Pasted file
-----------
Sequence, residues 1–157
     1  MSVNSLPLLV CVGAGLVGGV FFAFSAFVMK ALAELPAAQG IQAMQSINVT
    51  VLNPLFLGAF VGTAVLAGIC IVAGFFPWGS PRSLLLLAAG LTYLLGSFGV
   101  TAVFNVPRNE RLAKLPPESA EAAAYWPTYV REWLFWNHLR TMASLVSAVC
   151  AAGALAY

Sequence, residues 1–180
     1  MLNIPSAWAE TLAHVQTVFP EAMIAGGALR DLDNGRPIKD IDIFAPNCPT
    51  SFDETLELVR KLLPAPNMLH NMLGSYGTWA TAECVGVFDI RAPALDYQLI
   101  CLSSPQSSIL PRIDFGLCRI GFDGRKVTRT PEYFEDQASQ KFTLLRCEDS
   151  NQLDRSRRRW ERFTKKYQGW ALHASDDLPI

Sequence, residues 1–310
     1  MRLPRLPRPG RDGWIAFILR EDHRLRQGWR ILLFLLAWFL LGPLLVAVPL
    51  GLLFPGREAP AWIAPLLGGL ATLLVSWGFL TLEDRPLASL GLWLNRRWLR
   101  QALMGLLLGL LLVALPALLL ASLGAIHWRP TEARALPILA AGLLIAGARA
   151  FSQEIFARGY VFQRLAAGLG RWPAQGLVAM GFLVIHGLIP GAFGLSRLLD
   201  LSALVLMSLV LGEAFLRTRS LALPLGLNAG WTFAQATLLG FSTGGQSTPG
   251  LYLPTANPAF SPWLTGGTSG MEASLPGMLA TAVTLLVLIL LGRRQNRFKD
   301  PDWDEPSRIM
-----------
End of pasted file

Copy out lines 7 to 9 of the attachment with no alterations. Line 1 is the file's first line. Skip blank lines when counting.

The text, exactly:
     1  MLNIPSAWAE TLAHVQTVFP EAMIAGGALR DLDNGRPIKD IDIFAPNCPT
    51  SFDETLELVR KLLPAPNMLH NMLGSYGTWA TAECVGVFDI RAPALDYQLI
   101  CLSSPQSSIL PRIDFGLCRI GFDGRKVTRT PEYFEDQASQ KFTLLRCEDS